A group of renters in the expensive suburb of Berkeley, California, stormed an event where landlords were celebrating the end of the COVID-era ban on evictions, plunging the event into violence and sparking a fight in which an elderly homeowner was punched in the face.
The bayside city was among the last in Alameda County to abolish the protection that landlords say served as a cover for widespread rent evasion.
They are prohibited from evicting anyone who has not paid their rent, but landlords say it has cost them tens of thousands of dollars over the past three years.
Berkeley’s unemployment rate is 3.8 percent — comparable to the national average — and the median rent is $3,800. It is known for being a wealthy enclave with a deeply academic community thanks to its namesake college.
To celebrate the completion of this milestone, the Berkeley Property Owners Association (BPOA) hosted a party at a bar.
But more than 100 angry tenants stormed the evening, calling it “profoundly cruel”.
Berkeley tenants stormed a party thrown by landlords to celebrate the end of a COVID-era moratorium that banned evictions for non-payment of rent.
Tenants complained ending eviction ban would lead to ‘homelessness’
Violent protests met landlords arriving to celebrate end of Covid-era tenant protections
Landlords faced the challenge of protest to reach the event that marked the return of their eviction powers.
“I went everywhere and told our members to stay quiet and peaceful and not engage, and they didn’t,” BPOA President Krista Gulbransen said. Berkeley side.
“I don’t know how it went from there, but then I know people were scrambling.”
Gulbransen herself was pushed to the ground as “multiple scuffles” broke out after a group of protesters decided to enter the venue an hour after the party started.
An owner allegedly slapped a protester in the face, while another protester ripped off her glasses.
“We have no hesitation in celebrating the end of the eviction moratorium,” Gulbransen said.
“We celebrate the end of tenants who could have paid rent and chose not to.”
The BPOA, which has about 750 members, said an elderly participant was punched in the face.
The Berkeley Property Owners Association organized the event to talk about ending the moratorium, which they say has cost property owners thousands of dollars.
BPOA President Krista Gulbransen said she was pushed to the ground when protesters entered the party. She is one of those who was happy to see the end of the moratorium
And he criticized Berkeley police for refusing to remove protesters after they arrived on the scene.
“One officer said he wouldn’t do anything because it was ‘political,'” spokeswoman Becky Warren added.
“We don’t think barging into a local restaurant to disrupt, throw things and push people is political, it’s wrong.”
She said Gulbransen found her car broken into after returning to it and that some members had received “threatening messages and calls online” since the event.
“Hostile dissidents disrupted a private gathering at a local restaurant to intimidate, harass and physically assault our members who are law-abiding small business owners.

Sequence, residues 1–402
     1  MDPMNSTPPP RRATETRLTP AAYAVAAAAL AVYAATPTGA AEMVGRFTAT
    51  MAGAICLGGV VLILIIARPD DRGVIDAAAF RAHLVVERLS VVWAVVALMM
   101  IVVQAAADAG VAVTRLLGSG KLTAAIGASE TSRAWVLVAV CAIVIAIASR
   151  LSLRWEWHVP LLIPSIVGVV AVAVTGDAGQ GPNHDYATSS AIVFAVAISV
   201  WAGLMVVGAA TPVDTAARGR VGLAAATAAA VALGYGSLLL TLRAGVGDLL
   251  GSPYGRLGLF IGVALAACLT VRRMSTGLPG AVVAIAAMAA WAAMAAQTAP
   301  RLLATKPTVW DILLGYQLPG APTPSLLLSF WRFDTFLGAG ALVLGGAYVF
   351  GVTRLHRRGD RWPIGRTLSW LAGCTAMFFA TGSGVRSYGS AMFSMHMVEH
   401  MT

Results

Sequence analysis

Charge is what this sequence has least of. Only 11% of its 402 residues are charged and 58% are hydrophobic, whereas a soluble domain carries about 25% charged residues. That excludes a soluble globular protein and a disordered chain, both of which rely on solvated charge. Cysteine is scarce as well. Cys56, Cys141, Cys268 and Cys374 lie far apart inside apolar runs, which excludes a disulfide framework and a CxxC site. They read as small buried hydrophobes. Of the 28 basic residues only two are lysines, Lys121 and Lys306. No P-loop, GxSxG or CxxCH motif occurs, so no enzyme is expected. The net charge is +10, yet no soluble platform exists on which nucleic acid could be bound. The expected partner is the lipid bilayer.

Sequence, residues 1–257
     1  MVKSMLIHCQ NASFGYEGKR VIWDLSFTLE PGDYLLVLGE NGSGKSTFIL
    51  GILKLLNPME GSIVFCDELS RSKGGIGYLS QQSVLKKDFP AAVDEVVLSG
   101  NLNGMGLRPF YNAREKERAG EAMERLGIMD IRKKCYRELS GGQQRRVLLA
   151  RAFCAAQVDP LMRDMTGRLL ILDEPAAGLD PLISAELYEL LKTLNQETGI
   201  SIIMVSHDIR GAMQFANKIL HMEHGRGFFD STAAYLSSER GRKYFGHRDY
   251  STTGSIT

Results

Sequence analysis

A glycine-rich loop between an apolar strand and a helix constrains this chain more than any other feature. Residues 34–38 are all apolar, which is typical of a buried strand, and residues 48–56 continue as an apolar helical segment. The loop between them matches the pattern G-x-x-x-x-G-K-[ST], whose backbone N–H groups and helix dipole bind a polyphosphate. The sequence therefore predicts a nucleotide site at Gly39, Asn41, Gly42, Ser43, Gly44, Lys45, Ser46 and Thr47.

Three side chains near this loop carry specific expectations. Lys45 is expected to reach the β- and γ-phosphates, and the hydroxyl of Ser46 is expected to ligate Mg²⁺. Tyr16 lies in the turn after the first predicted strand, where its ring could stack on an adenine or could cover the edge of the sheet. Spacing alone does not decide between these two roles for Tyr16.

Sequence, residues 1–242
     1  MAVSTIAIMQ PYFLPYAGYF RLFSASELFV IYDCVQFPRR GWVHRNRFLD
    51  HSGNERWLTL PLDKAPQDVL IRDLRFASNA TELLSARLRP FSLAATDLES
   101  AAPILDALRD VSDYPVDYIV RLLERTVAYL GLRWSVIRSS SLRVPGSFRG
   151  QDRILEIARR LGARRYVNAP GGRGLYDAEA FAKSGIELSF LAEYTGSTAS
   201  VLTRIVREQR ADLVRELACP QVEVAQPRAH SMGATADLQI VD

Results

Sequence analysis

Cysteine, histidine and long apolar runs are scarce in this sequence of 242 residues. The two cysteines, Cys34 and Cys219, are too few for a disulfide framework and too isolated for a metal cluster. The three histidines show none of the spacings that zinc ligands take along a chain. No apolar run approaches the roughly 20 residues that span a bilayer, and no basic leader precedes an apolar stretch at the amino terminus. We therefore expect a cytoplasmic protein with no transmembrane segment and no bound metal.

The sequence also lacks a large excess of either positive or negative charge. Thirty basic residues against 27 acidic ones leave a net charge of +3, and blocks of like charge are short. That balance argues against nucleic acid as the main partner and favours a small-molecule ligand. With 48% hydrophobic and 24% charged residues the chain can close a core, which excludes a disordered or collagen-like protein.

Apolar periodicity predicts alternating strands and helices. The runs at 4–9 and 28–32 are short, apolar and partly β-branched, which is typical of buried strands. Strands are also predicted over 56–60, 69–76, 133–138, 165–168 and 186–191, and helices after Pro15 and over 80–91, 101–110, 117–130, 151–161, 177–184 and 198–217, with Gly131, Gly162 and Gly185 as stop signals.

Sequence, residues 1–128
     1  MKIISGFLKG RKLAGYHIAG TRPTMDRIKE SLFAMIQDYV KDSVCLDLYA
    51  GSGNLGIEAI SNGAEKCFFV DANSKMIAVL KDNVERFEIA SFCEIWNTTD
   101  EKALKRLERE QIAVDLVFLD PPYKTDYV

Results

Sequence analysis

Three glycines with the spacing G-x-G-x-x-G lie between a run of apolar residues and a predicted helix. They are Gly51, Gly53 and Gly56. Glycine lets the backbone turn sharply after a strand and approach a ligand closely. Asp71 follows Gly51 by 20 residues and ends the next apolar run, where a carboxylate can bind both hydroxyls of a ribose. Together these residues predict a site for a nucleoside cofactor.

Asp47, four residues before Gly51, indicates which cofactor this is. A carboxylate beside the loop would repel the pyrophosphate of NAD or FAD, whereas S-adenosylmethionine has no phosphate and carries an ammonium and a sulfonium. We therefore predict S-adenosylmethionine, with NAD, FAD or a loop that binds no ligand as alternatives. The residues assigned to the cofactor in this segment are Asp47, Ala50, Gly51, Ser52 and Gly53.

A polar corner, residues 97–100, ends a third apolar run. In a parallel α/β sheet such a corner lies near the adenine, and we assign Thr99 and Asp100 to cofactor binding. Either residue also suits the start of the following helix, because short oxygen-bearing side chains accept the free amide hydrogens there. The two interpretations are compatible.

“Their protest plans included remarks celebrating the slaughter of landlords, guillotine celebrations, and references to landlords as parasites.
“Their tactics of escalation, intimidation and harm impacted not only our members, but also restaurant employees and customers dining at the restaurant.”
Rent payments have been protected during the pandemic by California’s Covid-19 rental assistance program, with many subsidies going directly to landlords.
The Eviction Defense Center in Berkeley says landlords in the city received more than $5 million from the project.
But it’s been 18 months since the program was closed to new applicants, and Warren said tenants taking advantage of the moratorium have now cost some of her members tens of thousands of dollars.
“When (a landlord) only owns one or two properties, it’s a huge difficulty,” she told DailyMail.com.
“No landlord wants to evict a tenant unnecessarily.”
The median household income in suburban Frisco exceeds $97,000 according to the U.S. Census.
But nearly one in six people live below the poverty line in a college town where fewer than half are homeowners and the median rent is nearly double the national average.
An hour after the event began, some protesters decided to follow the owners into
Some owners and tenants took the time to chat on the sidelines of the event.
Leah Simon-Weisberg of the Rent Stabilization Board in Berkeley said the BPOA has produced no evidence that landlords have lost out because of the eviction ban.
“Although the moratorium is lifted, COVID-19 continues to spread in our community,” she told SFGate.
It seems very insensitive to those who might find themselves homeless to ever celebrate their eviction.
She called the party “completely compliant” with the BPOA, but said most landlords in the area had been “very generous and patient and really worked to help tenants” during the pandemic.